Sunday, January 11, 2009

Nice to see someone admit...

...that they're fudging the numbers.

Great Depression jobs parallel may not be far flung
Thu Jan 8, 2009 9:37pm EST
By Pedro Nicolaci da Costa

NEW YORK (Reuters) - When economists tell us the current U.S. slump could never turn into another Great Depression, they all point to one thing: one of four Americans was out of work in the 1930s.

But since the definition of joblessness has changed over the years, this expert assessment might be too rosy...

...Figures collected for Reuters by John Williams, from the electronic newsletter, suggest that, while we are not there yet, the comparison is not as outlandish as it might initially seem.

By his count, if unemployment were still tallied the way it was in the 1930s, today's jobless rate would be closer to 16.5 percent -- more than double the stated rate.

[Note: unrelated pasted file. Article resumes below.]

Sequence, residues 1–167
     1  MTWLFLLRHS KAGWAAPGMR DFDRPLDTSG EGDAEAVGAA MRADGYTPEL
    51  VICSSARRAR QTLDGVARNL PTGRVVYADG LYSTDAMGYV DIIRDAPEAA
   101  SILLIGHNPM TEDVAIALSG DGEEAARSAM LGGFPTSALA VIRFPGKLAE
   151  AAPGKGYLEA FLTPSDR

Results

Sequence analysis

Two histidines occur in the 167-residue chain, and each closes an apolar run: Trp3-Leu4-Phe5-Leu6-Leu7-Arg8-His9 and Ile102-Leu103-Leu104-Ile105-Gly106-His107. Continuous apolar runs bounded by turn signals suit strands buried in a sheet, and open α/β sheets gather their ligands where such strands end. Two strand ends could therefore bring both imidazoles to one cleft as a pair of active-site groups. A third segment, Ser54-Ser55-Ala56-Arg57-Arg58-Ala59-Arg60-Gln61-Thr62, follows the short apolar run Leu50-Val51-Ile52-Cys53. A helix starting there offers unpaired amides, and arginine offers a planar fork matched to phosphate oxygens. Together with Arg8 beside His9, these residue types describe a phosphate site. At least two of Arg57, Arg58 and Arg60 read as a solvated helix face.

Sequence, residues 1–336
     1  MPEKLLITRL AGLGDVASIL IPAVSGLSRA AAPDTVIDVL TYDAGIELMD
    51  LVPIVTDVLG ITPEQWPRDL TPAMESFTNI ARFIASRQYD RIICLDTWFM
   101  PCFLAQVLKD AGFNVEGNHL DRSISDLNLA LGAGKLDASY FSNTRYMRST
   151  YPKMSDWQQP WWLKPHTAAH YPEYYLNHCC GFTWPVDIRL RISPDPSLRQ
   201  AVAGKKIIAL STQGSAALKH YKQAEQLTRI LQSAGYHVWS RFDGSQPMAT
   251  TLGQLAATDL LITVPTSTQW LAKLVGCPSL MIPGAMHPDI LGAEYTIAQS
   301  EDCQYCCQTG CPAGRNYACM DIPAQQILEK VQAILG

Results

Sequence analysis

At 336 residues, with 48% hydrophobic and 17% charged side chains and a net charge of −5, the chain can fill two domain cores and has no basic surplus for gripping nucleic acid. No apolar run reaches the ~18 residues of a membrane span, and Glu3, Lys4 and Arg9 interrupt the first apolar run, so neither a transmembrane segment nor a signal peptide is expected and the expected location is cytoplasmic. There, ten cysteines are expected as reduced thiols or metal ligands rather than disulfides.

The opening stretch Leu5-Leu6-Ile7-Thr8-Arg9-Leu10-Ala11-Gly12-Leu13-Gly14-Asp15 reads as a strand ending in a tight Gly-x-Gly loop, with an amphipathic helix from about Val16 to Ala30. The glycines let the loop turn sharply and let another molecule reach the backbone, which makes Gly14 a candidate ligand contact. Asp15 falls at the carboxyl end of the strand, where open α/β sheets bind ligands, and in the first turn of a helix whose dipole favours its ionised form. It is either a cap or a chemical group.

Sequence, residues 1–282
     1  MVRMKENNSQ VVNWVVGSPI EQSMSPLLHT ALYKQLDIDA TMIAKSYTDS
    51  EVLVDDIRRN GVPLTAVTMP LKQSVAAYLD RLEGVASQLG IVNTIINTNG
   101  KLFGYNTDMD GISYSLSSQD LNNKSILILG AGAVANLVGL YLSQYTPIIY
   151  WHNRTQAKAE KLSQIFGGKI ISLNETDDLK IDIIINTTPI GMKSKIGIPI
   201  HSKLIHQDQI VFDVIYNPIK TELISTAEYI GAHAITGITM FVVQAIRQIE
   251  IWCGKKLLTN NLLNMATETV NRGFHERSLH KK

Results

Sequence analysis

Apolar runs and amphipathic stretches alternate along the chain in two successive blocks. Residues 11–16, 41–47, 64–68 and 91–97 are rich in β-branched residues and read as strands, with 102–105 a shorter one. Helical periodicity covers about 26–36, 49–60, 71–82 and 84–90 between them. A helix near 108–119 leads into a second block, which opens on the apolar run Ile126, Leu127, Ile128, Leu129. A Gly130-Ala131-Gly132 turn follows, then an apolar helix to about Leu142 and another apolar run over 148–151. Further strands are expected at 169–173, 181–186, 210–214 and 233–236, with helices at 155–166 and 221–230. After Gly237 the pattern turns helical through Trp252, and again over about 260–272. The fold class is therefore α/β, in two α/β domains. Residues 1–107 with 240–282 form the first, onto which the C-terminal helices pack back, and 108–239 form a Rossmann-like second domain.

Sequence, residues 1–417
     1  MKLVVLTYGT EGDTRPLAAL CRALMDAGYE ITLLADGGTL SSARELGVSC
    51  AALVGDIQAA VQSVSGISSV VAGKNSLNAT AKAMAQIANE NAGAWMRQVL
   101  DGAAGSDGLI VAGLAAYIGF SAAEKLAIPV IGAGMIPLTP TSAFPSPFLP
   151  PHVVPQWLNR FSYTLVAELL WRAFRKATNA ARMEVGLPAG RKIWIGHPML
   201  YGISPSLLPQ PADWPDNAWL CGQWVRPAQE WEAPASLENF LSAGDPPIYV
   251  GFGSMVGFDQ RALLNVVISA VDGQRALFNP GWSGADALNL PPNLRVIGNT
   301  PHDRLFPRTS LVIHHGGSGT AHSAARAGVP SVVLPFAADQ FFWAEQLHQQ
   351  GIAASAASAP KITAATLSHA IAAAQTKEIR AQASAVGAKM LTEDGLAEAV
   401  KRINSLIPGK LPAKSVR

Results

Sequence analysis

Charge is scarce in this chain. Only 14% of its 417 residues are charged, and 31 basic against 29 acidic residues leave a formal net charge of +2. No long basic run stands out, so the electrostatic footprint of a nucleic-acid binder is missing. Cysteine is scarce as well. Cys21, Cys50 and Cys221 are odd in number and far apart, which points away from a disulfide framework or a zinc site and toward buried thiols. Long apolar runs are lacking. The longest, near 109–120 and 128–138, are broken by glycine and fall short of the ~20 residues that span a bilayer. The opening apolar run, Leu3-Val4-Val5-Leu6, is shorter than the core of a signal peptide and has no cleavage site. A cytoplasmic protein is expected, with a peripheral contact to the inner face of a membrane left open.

"I expect that unemployment in the current downturn, which will be particularly deep and protracted, eventually will rival, if not top, the 25 percent seen in the Great Depression," Williams said...

So they lopped off 10%? Who noticed? Well, we did. But to them, the few who did notice are far outnumbered by the complacent masses who didn't notice - and who, if they did notice, would not really understand just how much globalization contributed to that number. They like it when the masses are not riled up. If they were, the people might, you know, start giving all their business to local and regional companies instead of the multinational conglomerates who grease Congress' palms. Can't have that, now can we?

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